Sunday was Mothers Day, the day that Congress and Hallmark tell us to think about our mothers. We often spend the day making phone calls and giving presents and, perhaps, spending a little time thinking nostalgic thoughts of our moms. This is all well and good, but there is something else to think about as well.

We are told, again and again, that our parents are the most important figures in determining how we will behave as a wife (or husband). We see how our parents interact and that is how we think married people ought to interact. If they argue and disagree frequently, then we are perfectly comfortable arguing and disagreeing in our marriages as well. If they were affectionate, then we are affectionate. If they were cold, then we are cold. 

We also expect our spouse to act like our parents. As wives, you expect your husband to act and react as you saw your father act and react. If your father was a kind and patient man, you expect kindness and patience. If your father was a cruel man, you expect cruelty. 

Here is the reality of "what our mothers left us." They left us filled with fears, hopes, expectations, and concerns about marriage. For all the Bible's talk of "older women teaching younger women," most young women know almost nothing about marriage but what they have seen in their homes. Most moms do not actually teach their daughters consciously, but the teaching of their lives is enough. 

I asked on Sunday how many women had taken their husband's arm in a public place in the last month. A few women raised their hands. I wonder how many of them had moms who would do such things. Of the women who did not, I wonder how many never saw their mom do that. I know you probably think it is a small thing, taking your husband's arm in public. It is actually a very telling act. It communicates a pleasure in his company and closeness. It communicates affection.  It communicates a sense of belonging and warmth. It expresses a sense of ownership (telling others "this is my husband." It is a quintessentially "wifely" act. I cannot understand why any woman would fail to do such a simple act which means so much to both you and your husband, except that they do not even think of it.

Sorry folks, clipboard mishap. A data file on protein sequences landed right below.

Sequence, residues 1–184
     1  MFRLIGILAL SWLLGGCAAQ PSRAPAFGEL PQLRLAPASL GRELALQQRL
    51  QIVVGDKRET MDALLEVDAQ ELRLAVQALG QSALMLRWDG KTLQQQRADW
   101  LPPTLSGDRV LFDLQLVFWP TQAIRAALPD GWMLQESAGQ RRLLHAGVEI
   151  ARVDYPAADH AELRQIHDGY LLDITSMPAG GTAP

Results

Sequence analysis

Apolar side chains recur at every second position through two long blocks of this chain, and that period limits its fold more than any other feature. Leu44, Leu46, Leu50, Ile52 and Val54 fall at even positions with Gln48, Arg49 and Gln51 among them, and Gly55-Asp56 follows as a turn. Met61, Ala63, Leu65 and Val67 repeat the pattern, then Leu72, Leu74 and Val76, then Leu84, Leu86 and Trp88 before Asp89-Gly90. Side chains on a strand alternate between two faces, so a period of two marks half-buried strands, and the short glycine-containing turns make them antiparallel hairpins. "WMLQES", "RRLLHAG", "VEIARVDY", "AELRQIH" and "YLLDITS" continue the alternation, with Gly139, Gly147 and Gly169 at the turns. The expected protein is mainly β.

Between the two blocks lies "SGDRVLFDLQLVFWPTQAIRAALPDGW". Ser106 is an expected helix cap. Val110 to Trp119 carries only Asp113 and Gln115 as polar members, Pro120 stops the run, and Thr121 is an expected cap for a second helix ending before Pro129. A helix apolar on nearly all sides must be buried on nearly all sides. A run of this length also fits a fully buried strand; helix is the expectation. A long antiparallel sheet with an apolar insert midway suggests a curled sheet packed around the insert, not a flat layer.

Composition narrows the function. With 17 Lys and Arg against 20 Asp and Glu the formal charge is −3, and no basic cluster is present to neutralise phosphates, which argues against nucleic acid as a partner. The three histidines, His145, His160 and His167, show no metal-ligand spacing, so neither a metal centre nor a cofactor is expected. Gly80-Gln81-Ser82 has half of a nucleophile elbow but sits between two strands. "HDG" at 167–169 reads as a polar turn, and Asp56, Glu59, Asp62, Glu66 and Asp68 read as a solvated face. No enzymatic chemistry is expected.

What did you learn from your mom? Did you learn to be affectionate in public, to be proud of him, to be glad to be seen with him, to take actions to let him (and others) know how glad you are that you married him? Or did you learn to defend yourself? Did you learn to be suspicious, fearful, and cold?

Every abusive father, every cold mom, every bitter family torn by strife, leaves the world with wounded children, who will grow up to wound their own children unless they learn better from other people. Older women are to teach younger women in the church. We do not want children left to what they saw at home, because we know that "what we saw at home" may not have been healthy at all.

It is the word of God and the wisdom He gives that tells us what a wife should be. If we had a godly mother to model it for us, then thank God for such kindness. If not, then learn from others how to be an excellent wife.. 

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